When I was incarcerated on an LSD Kingpin conviction for over two decades starting in 1993, I did not tend to think or talk politics all that often. The powerful people running for Congress or being confirmed to the Supreme Court were of almost no concern to people like me. The War on Drugs seemed unstoppable, the prison population was exploding, and for many of us, at least, the primary goal was survival.
But even if Donald Trump represents a turn back toward “law and order” politics, those inside the federal prison system have more hope for the future then I did in the lock-'em-up-and-throw-away-the-key 90s. Trends toward sentencing reform in recent years have made a return to the outside more plausible than it once was, at least for some inmates. And thanks to the prevalence of contraband phones and social media, federal prisoners are better able than ever to participate in or at least keep tabs on the national conversation.
So maybe it was inevitable that inmates would pay close attention to the elevation of Brett Kavanaugh to the Supreme Court earlier this month despite credible allegations of sexual violence against him. But when canvassing men across the federal prison system in recent weeks, I was struck by how many—even those clearly guilty of violent crimes—saw the saga as a sort of dystopian parable for their own experiences in a deeply dysfunctional criminal justice system where elites win and regular people (like Christine Blasey Ford) lose.
In other words, to see a powerful white guy credibly accused of crimes promoted to the top of the pyramid of justice in America was extremely depressing—and less than shocking.
“It was just another example of the white-privileged society that we live in,” Andre Cooper, a man serving three life sentences in Maryland for racketeering, drug dealing, and homicide, told VICE in an email. “Kavanaugh clearly presented perjured testimony under oath in front of millions of Americans,” he added. “The Powers didn't blink or flinch.”
“They did what occurs in courtrooms around America on a daily basis when the Government is in the wrong or knowingly presents perjured testimony that contributes to wrongfully convicting a person—they turn a blind eye to the truth and justice and back perjury,” he said.
Even as some prisoners tend to be politically conservative or at least less-than-left-wing—and some embraced the reactionary idea that it was a "scary time for men"—the sense that this guy cheated his way to the top was a bipartisan one.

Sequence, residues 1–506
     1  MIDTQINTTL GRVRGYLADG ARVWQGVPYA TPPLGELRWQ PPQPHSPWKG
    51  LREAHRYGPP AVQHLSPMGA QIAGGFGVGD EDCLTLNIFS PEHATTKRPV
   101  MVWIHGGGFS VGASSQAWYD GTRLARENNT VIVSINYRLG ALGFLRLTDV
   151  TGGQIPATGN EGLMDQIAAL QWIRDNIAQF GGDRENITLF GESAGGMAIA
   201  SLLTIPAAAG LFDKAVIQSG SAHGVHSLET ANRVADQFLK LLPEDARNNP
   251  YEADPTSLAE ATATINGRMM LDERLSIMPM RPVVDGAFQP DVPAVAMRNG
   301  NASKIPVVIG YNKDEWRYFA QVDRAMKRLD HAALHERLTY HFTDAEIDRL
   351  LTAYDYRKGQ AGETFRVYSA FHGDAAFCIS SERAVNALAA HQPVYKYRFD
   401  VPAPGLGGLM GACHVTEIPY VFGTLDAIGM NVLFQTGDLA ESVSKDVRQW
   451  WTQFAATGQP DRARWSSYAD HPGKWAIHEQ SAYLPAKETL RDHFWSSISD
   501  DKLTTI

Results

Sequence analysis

“Brett Kanavanugh lied, period,” Nicholas McDougal, who's doing 12 years for armed robbery in Indiana, told VICE. “Personally, I want to see a conservative judge on the high court who admits to being a party animal, but to deny that he blacked out is absurd.”
Donald Green, who's serving life in North Carolina for a drug conspiracy that included murder and other crimes, put it most succinctly: “I see him just like President Trump. Both of them are cut from the same cloth."
At first, Jeremy Fontanez—facing life for robberies and murder and currently at USP Hazelton in West Virginia—said he was impressed by Kavanuagh's record of hiring women and stated commitment to diversity. But the spectacle the judge put on at the hearings, lashing out at US senators and descending into unhinged conspiracy theory chatter, gave him pause.
“Truth is, I think that they’re all liars and cheats," Fontanez explained. “The hypocrisy in this country, and in our leaders, is astounding. As cynical as it may sound, I don't believe anything that comes from any of them. I watch the world descend into chaos and infamy and fear what the future may hold.”
Despite all of that, some inmates insisted Kavanaugh represented a potential ally to criminal defendants—perhaps in part, they suggested, because he knew what it meant to be accused.
“You are not going to believe this, but I have Kavanaugh doing more for the people who are incarcerated after this ordeal," Walter Johnson, who's doing a life sentence for a federal three-strikes offense in New York, told VICE.
Still, the overwhelming conclusion many inmates couldn't help reaching was that the deck remained stacked in favor of a special few—and that the system wasn't going to change any time soon.
"How can you try to get justice when you’re an average citizen, with no political ties, no celebrity help, and no money?" Cooper, the inmate in Maryland, wondered. "There's no meaningful justice for a person or a people like that. Fake justice is all that exists.”
Robert Rosso contributed reporting to this story.
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